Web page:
There are three primary industries that we track that drive packaging demand: food, retail (primarily trash and t-shirt bags), and industrial (primarily shipping materials). In our January report, all three industries looked to be doing well. But things have recently changed. While food packaging should see continued strength—if not growth—retail packaging and institutional packaging seem poised for a contraction. Here’s why:
Real Disposable Income. April real disposable income was $12.56 billion (seasonally adjusted at an annual rate), an all-time high. Moreover, the data for the fourth quarter of 2015 and the first quarter of 2016 generally was revised higher. In April, real disposable income grew 3.3% compared with one year ago, which was slightly faster than the historical average growth rate. In the first four months of 2016, the month-over-month rate of growth has accelerated from its low of 3% in December 2015. However, the annual rate of growth has remained unchanged at 3.4%.
Food Packaging. Somewhat surprisingly, real disposable income tends to lead food and beverage spending by almost a year. Food and beverage spending contracted at a very modest rate in 2015. But with the strong growth in income, food and beverage spending has grown at a rapidly accelerating rate in the first four months of 2016. The annual rate of growth in spending has gone from -0.1% in November to 0.7% (about half the historical average) in April. But the annual rate of growth should continue to accelerate as three of the last four months had spending growth at 1.3% or more compared with one year ago. In turn, food and beverage spending tends to lead food and beverage production. Food and beverage production was already growing at nearly its fastest rate in eight years. If food and beverage spending continues to grow at an accelerating rate, then food packaging should be poised for further growth in 2016.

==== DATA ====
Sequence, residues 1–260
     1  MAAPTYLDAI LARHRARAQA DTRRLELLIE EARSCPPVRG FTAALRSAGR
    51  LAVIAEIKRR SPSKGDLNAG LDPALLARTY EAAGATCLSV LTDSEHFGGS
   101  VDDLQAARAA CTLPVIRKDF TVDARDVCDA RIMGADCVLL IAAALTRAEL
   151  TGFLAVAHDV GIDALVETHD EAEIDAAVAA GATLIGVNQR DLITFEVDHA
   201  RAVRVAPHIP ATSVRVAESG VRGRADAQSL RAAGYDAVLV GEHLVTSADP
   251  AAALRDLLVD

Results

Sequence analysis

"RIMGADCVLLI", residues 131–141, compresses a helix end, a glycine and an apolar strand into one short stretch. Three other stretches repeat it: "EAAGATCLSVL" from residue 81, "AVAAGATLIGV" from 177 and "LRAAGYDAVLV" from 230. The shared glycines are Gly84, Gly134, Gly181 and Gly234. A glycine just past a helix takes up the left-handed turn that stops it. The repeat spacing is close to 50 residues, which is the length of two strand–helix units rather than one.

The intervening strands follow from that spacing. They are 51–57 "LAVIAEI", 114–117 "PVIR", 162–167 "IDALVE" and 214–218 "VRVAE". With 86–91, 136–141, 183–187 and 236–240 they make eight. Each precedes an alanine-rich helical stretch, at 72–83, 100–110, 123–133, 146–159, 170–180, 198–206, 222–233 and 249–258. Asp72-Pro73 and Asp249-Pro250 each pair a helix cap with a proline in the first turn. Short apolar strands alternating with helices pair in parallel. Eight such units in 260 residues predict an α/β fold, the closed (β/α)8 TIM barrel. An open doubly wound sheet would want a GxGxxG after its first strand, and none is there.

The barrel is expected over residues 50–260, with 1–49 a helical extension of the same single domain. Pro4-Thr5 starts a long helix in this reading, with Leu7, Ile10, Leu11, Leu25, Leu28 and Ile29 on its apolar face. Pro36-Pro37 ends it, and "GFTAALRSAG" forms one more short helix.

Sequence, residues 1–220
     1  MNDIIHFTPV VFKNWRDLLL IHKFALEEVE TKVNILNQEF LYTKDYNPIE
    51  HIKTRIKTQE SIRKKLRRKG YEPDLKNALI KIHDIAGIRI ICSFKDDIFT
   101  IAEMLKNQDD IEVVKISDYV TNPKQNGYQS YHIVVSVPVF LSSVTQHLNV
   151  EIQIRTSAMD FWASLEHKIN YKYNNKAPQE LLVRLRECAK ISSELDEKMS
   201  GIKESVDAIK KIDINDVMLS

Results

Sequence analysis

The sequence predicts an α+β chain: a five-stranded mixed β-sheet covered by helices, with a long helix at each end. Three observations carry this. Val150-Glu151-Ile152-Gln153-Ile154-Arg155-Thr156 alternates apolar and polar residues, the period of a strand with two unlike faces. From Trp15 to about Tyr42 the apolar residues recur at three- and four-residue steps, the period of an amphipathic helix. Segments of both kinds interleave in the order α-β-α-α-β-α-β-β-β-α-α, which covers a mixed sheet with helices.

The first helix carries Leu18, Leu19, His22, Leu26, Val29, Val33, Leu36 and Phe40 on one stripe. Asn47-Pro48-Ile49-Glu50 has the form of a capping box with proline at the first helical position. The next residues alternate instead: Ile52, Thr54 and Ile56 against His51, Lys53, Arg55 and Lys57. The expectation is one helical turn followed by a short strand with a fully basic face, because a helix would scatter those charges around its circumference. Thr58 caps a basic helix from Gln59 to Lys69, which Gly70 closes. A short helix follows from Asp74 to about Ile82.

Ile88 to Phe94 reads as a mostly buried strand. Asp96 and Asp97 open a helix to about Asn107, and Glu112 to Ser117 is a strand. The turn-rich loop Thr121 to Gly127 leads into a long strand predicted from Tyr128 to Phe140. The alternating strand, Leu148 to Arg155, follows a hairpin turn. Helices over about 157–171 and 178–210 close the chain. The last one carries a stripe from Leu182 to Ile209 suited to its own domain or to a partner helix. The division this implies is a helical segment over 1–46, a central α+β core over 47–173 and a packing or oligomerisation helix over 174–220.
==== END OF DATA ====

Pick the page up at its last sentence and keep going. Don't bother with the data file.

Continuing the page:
Retail Packaging. Probably the best proxy for retail packaging is the clothing and footwear industry. Consumer spending on clothing and footwear has been growing at a decelerating rate since the fall of 2015. However, other than the spike in 2011, the current rate of growth in clothing spending was still one of the fastest since late 2006. Production of clothing and footwear has been virtually flat over the last six to 12 months. The retail packaging market seems to be flat at best, which is not surprising given the recent poor results of many major retailers.
Institutional Packaging. Primarily, institutional packaging consists of stretch film and sheet and tubing, but consumer and industrial product liners and shrink film also are a significant part of institutional packaging. Since all of this packaging is used to ship product, tracking the changes in the trucking industry can provide a good estimate of what is happening with institutional packaging.
The Bureau of Transportation Services has an index for the freight industry, and it has come down from its record highs. Compared with one year ago, the index has declined in three of the last five months. While the index was still growing year-over-year in March, it’s likely that the annual rate of change will begin contracting soon. This is a negative sign for institutional packaging.
ABOUT THE AUTHOR
Steven Kline Jr. is part of the fourth-generation ownership team of Cincinnati-based Gardner Business Media, which is the publisher of Plastics Technology. He is currently the company’s director of market intelligence. Contact: (513) 527-8800 email:email@example.com
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